On the morning following Candlemas, everyone would search the ashes of the hearth, hoping to find an impression of Bride’s club. If they did it was the sign that they would have prosperity and a good crop in the coming year. The weather that day was also watched closely because, as the old saying has it:

If Candlemas day be fair and bright, Winter will have another flight.
If Candlemas day be shower and rain, Winter is gone and will not come again.”

This, actually, makes me pretty happy. We got a fair amount of snow yesterday. Hopfeully, this means we should have an early spring.

I like to look up prayers to Brigid, both Christian and Pagan. Seeing the devotion of others is comforting to me.
But I have my own little prayer. It makes me feel like I am connecting on another level.

Sweet Brigid,
I light this candle for you.
As the flame burns, so does my devotion.
You are strong, and thus am I.
Through you I shall love as you love,
help those who cannot help themselves
and care for the weak.
I will do good as is right.
Blessed be.

It isn’t always word for word, but the message is always the same – Love on another, show compassion.

This weekend was a BIG deal for me.
Not only was Something Tribal a big production for my troupe but I was recently “promoted” to assistant director of KCDC. So I was representing myself as a dancer and a Sohalia Tribal troupe member, but also as a KCDC troupe member. I danced with my Sohalia troupe AND with Tasha & Wendy at the big Gala show. It was exhilarating and awesome.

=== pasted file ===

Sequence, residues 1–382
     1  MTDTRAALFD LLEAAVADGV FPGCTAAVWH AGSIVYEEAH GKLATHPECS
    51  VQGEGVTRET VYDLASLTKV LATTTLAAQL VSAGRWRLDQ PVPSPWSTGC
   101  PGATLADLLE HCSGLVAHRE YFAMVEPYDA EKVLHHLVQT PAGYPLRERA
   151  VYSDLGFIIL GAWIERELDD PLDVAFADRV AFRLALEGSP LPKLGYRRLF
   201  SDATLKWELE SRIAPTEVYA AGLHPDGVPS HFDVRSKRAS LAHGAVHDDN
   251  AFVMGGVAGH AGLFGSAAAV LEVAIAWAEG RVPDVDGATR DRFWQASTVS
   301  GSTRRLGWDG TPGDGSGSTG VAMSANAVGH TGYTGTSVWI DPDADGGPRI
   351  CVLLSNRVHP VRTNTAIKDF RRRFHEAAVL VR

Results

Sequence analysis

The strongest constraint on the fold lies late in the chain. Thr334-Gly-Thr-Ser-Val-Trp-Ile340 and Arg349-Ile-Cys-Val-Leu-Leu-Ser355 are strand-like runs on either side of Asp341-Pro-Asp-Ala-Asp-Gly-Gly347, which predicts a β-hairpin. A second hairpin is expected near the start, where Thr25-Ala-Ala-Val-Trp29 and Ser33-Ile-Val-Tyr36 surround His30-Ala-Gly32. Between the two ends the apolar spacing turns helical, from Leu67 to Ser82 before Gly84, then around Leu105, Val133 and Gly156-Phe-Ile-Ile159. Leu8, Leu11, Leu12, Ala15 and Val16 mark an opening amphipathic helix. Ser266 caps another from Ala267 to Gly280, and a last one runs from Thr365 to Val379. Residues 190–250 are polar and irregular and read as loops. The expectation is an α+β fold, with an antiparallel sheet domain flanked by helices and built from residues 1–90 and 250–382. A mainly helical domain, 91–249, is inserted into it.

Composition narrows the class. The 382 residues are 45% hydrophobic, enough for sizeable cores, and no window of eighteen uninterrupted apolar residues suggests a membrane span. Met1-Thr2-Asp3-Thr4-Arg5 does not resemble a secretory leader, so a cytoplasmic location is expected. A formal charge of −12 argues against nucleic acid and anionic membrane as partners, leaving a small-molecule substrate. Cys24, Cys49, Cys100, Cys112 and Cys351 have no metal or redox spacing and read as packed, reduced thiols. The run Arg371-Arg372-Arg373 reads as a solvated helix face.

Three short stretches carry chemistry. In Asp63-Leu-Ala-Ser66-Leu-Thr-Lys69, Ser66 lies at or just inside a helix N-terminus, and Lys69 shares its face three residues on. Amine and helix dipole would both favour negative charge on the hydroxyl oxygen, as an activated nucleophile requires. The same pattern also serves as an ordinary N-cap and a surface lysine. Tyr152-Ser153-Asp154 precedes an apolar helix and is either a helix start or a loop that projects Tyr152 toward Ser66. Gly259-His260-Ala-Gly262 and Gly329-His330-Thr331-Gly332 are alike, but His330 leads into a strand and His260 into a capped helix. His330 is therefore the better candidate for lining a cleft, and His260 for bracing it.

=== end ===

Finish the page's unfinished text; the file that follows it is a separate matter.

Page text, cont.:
Opening Act

KCDC & Wendy Allen

Quicky post…

With all of my STTWC stuff going on, I completely forgot to post about my (very small) Brigid’s day happenings. I will post tomorrow night, after I have settled back into my skin.

Stay tuned, fun stuff ahead! 🙂


It may have been the fever. It may have been ‘Twin Peaks’.
But, it may have been something else entirely.

I was sitting on the floor in my home studio, looking at my reflection in the big mirror. My legs were crossed and I was leaning back slightly, leaning back on my hands.
As I pushed myself to upright, I noticed a flicker of light beside me. I thought to myself that I needed to get that bulb changed. As I looked back at myself, I saw a glow around me. It began to grow brighter until I could no longer see myself. There was only light.

I stood up and walked closer to the mirror. I saw the way the light moved.
So I danced.